And progress is being made. During 2011 and 2012, there was a 9 percent decrease in hospital-acquired conditions across the U.S., with reductions in such episodes as falls, adverse drug events and infections, preventing nearly 15,000 deaths in hospitals and avoiding 560,000 patient injuries, according to the U.S. Department of Health and Human Services.

Chun says the HAC program penalizes hospitals on a curve, so it can wind up docking some that have made dramatic improvements.

"No matter what the circumstances, no matter what your condition, if you are in the 25th percentile, you are going to get a penalty," he said.

Chuck Bohlmann, Iroquois Memorial's CEO since January 2013, said that hospital has been focusing on quality and improvement, and he couldn't explain how it stood in line to be penalized.

Presence Health, which has recently begun managing this hospital under contract, says for all of 2012, 2013 and this year to date, there haven't been any central line-associated bloodstream infections there, and for that same period, there has been just one catheter-associated urinary tract infection that occurred this year.

"I wish I could comment more firmly on the data, but without being able to look at it, and with it being very preliminary, it's difficult to react to it to much," Bohlmann said.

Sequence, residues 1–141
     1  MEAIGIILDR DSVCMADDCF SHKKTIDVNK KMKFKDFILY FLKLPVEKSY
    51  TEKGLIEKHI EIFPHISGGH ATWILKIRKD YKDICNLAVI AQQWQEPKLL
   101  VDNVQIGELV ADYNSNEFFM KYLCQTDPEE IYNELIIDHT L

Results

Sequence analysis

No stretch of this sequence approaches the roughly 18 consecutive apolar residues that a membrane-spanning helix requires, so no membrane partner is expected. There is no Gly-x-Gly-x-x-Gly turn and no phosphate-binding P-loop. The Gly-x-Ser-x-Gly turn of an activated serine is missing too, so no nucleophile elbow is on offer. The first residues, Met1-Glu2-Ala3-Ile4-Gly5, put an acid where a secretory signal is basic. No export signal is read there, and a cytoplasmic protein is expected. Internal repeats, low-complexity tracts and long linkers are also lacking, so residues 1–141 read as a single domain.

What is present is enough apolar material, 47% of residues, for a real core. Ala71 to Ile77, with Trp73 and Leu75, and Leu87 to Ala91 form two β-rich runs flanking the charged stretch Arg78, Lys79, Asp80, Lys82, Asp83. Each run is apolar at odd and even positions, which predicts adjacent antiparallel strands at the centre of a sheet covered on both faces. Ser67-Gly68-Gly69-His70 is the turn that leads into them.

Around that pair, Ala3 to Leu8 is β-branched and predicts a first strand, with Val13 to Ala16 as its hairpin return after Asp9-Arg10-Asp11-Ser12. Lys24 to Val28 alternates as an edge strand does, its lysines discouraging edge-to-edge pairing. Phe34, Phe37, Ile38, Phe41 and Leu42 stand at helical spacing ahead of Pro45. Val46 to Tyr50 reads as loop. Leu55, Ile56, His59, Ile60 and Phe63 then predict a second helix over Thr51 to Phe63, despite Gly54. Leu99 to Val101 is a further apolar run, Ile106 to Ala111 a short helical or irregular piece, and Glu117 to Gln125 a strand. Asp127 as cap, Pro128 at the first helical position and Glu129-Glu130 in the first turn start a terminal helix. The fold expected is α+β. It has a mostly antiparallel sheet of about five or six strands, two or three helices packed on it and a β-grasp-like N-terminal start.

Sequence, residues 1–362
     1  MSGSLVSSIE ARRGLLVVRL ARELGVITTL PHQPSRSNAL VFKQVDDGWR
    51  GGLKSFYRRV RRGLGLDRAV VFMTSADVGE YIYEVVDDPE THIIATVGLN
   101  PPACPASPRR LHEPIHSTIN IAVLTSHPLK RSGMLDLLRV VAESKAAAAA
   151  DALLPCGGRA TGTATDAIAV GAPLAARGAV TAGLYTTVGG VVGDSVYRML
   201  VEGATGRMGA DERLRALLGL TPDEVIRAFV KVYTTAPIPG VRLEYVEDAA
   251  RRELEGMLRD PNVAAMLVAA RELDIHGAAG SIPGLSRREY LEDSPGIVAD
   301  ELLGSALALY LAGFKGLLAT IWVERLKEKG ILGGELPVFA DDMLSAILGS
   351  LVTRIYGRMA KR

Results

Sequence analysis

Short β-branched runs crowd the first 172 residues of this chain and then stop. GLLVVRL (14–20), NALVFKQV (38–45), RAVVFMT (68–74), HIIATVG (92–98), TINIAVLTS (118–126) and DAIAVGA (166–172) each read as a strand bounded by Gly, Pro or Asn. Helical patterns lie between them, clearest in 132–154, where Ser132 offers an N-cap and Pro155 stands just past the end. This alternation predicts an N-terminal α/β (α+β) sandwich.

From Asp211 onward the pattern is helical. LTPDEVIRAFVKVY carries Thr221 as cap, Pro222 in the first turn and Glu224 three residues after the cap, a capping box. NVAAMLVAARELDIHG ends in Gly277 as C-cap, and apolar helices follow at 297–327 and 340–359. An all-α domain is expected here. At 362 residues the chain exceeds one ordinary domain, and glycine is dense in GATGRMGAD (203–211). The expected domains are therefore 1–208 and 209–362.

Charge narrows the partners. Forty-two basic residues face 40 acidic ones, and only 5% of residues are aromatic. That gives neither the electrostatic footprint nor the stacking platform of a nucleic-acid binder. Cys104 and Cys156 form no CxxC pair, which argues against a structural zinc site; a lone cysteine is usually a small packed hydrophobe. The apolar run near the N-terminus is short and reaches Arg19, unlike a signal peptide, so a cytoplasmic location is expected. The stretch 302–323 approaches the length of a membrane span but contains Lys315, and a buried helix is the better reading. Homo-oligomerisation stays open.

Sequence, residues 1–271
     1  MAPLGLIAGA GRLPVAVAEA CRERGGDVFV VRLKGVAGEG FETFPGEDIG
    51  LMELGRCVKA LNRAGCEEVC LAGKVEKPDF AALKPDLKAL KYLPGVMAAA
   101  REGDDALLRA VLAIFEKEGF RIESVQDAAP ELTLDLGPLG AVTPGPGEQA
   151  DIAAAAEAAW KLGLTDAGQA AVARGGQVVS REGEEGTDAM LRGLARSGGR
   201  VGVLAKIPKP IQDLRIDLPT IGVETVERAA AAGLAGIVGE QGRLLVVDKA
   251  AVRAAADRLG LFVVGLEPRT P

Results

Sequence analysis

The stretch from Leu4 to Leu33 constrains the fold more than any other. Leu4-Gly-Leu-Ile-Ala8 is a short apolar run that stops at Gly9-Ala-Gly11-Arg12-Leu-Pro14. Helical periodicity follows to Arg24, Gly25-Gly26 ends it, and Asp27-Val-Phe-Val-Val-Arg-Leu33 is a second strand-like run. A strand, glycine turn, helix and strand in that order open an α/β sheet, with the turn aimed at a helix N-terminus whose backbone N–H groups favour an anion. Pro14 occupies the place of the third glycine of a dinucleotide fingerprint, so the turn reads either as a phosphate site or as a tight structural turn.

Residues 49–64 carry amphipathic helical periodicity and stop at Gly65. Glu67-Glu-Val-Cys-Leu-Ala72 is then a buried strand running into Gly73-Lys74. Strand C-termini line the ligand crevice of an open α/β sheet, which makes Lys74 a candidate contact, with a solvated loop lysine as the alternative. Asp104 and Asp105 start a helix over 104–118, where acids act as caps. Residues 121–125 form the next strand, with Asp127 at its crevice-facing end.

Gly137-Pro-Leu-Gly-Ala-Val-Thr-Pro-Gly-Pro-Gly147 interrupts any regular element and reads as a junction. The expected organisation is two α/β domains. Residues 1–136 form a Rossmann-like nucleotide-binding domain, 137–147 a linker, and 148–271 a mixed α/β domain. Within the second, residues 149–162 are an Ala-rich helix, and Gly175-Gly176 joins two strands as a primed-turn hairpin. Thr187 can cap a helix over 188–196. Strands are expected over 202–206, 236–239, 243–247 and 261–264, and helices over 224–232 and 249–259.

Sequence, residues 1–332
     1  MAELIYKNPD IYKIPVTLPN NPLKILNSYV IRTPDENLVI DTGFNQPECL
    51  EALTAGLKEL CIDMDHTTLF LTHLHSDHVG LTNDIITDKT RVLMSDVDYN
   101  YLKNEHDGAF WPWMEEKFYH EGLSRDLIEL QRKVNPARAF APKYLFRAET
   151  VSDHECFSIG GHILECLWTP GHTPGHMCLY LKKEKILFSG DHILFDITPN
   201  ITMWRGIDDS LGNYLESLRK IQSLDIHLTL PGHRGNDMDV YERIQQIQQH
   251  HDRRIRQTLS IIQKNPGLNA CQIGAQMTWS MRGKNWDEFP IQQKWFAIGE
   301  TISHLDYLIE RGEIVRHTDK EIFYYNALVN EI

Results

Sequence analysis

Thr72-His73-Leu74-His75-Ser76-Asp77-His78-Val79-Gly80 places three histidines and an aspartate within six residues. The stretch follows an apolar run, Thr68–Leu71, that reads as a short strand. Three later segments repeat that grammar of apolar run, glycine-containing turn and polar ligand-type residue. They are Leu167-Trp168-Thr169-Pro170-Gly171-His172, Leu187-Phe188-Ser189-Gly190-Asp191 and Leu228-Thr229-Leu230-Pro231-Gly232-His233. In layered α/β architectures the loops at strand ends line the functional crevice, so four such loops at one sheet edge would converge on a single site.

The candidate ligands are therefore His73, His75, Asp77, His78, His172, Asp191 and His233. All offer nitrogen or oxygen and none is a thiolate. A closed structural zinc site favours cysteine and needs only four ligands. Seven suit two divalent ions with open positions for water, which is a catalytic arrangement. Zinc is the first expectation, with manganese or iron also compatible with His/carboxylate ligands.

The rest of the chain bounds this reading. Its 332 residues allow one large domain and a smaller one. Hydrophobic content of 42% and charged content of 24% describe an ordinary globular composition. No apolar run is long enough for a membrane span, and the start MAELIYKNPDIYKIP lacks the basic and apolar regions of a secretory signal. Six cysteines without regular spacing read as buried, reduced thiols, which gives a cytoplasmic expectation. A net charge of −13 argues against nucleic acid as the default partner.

Losing 1 percent of inpatient Medicare payments for a year would amount to $233,000 for Sarah Bush Lincoln Health Center, says Craig Sheagren, its chief financial officer.

"We were pretty disappointed to see that happened, obviously," he said of the hospital's score, adding it was based on older data.

"We've made significant improvements since that point," he said.

Carle's Quality Services Manager, Jamie Holley, says Carle also has made significant progress on patient safety indictors.

She lists several patient safety initiatives Carle has undertaken — among them a "zero defect" campaign striving for zero complications — and work with a collaborative in which hospitals seek to improve by sharing data and comparing their quality of care performance.

"This is based off older data. We've made significant improvements since then," she said. "I'd feel very comfortable coming here (to Carle) to receive care, and I'd recommend it to other patients as well."

Facing possible sanctions

These hospitals are in line to lose 1 percent of their Medicare payments for a year, because they are among the 25 percent of the nation's hospitals with higher rates of complications and infections, according to preliminary government data. Hospitals were scored from 1-10, with 10 being the worst. Their positions could change when they're re-evaluated later this year with a longer period of data.

Iroquois Memorial Hospital, Watseka: 9

University of Illinois Hospital, Chicago: 8.7

Carle Foundation Hospital, Urbana: 8.65

Advocate Bromenn Medical Center, Normal: 8.35

Sarah Bush Lincoln Health Center, Mattoon: 8

See all Illinois hospitals' scores here.